It is work to bring out the goodness at the heart of this whole show. What is wonderful is people loving what they do and being incredibly strong and graceful and true to their understanding of themselves and what they do with their lives. What is wonderful is that no one really represents their country—countries are mostly just lines on maps, concepts. I believe that everyone there represents what they do know, where they do live, who they know and love. On the very slim chance that I will ever be an Olympian, I’m quite sure that the American flag on my sweater and the letters USA would signify the mountains and forests of New England, the stonewalls and maple trees, rocky coasts and gnarled pines, but mostly the people who got me to where I was. I would be, as I am any day, a representative of all their belief in me. I like to imagine that the athletes are there for similar reasons—because their parents took them to practice at odd hours, because their friends loaned them gear and brought them food, because their coach mentored the fire of their need, because their sister held their hair back when they vomited after a ski race, and all the rest. Our identities are in the shape and shapers of our hearts, not on flags or maps or passports.

If we can return to these powerful loves at the core of the games, then I think they’re lovely examples of human possibility. It is when the seeds of people pouring their hearts into what they love, deeply believing that what they do is a truth that needs to be brought into the world, when this gets lost that I can’t be party to the grotesquely lurching spectacle of it all.

I’ve been nervously watching these Games unfold. I want so much for them to be the pure, politically free, showcase of heart and body and drive that I believe they should be. I want to believe that most of the athletes deserve this, as anyone deserves the goals along their chosen path. Watching the Ceremonies, whenever they cut to Putin, I found myself thinking how he isn’t fooling anyone.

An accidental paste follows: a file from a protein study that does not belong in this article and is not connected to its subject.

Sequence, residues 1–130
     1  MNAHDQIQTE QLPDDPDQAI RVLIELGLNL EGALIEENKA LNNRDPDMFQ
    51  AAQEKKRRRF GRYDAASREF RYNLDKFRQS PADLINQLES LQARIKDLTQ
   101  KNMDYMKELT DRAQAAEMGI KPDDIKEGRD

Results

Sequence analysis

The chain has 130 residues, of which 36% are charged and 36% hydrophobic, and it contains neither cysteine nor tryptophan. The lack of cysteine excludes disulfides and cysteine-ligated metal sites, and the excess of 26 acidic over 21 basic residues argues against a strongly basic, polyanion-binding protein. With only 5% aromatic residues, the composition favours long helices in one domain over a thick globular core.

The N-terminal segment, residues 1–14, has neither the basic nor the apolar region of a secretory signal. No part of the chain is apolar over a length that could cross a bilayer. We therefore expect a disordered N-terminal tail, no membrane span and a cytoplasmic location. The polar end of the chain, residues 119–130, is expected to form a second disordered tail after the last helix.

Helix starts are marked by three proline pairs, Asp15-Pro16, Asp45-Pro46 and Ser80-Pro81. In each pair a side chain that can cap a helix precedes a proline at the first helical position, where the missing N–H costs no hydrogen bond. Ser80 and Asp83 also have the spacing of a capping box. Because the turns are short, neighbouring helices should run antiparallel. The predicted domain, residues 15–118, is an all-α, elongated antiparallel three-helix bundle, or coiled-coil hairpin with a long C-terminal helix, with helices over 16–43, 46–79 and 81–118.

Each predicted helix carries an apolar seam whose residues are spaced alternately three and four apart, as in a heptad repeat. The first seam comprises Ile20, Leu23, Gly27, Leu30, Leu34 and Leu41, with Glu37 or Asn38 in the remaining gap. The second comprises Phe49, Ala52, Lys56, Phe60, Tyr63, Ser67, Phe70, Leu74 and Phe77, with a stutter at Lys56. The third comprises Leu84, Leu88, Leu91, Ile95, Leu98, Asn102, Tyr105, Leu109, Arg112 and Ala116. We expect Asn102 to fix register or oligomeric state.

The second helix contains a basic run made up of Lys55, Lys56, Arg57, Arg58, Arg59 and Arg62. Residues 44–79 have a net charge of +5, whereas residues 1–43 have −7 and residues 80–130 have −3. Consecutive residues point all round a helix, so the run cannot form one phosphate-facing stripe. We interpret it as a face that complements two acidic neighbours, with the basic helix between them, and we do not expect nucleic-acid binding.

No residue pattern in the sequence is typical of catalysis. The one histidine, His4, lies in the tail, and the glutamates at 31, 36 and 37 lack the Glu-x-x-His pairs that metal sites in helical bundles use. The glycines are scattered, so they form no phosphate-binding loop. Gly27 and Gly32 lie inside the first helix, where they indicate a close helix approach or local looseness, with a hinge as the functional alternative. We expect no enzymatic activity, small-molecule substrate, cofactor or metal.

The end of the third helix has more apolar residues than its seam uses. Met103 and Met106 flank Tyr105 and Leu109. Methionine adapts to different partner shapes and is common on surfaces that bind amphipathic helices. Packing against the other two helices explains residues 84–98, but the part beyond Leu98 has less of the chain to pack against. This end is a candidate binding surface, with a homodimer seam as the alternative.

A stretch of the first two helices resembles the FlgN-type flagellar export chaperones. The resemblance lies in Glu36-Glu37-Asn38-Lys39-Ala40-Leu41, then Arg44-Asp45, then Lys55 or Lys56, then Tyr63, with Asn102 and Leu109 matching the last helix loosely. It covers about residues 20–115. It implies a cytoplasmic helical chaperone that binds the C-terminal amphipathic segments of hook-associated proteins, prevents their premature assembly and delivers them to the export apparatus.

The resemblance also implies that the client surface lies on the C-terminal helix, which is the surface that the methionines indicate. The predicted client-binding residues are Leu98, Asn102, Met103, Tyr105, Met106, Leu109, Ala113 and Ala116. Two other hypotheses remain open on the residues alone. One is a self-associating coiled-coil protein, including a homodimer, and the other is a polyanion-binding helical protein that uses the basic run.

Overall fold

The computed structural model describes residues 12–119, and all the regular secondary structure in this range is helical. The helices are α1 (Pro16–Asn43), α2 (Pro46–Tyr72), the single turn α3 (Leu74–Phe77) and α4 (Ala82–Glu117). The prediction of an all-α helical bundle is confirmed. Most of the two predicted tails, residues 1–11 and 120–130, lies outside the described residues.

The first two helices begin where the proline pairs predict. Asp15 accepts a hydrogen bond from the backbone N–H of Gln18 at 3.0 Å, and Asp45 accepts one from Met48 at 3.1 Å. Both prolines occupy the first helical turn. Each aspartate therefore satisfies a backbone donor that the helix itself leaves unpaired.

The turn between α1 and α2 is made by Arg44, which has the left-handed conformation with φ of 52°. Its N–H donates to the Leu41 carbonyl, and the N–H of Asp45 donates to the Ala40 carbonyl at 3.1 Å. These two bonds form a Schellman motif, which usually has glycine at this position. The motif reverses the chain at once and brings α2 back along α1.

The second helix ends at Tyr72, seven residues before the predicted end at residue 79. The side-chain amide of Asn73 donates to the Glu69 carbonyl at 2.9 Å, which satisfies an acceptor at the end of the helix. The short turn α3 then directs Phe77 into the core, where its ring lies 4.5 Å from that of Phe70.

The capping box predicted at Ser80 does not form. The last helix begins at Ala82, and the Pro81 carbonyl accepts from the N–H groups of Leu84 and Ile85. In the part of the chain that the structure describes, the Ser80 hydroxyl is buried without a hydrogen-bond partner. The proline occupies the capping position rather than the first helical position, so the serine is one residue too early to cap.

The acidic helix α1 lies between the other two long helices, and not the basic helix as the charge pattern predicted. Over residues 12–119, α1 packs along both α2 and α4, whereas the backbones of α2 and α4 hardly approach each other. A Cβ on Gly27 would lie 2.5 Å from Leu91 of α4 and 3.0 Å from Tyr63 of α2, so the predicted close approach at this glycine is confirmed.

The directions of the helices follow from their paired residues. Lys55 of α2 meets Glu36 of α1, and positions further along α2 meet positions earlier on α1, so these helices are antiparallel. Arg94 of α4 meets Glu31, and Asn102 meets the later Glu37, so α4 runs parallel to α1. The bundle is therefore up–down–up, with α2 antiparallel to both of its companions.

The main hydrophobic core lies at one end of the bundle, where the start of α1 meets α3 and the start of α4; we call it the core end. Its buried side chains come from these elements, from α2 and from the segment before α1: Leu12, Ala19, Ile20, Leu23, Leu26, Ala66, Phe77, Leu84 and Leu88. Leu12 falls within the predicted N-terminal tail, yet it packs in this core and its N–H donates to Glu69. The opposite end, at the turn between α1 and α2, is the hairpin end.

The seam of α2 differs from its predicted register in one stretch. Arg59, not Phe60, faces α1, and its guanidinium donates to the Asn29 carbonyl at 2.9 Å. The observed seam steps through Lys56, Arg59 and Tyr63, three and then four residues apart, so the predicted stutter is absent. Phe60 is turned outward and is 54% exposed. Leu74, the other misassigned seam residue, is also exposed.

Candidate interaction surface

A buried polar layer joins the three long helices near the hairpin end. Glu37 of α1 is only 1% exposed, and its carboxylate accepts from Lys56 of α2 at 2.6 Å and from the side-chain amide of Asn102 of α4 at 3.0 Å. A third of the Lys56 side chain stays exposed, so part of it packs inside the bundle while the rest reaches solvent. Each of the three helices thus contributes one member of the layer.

Instead, I worry that we’re all fooling ourselves. Climate change, economic disparity, war, famine, repression of the human need to love, inability to understand that religion is larger than one faith, terrorism, silenced dissenters to power, corporate takeover of our lives, fake snow, euthanized dogs, Olympians who bought second country citizenship in order to compete, peasants banned from harvesting garlic near Sochi, struggling Peace Talks for Syria that are simultaneous to these Games, all of these weigh heavily on my heart thinking of the Olympics, these in particular.

I do not want all of this wrongness to continue to be the story we live out, Olympic or otherwise. There is another way. There are many other ways. Here is where the athletes come in, the ones who are there out of love for their sport, their homes, their people—great feats are possible when we look within and bring our best into being. We are yet capable of such greatness, every day, not just every four years.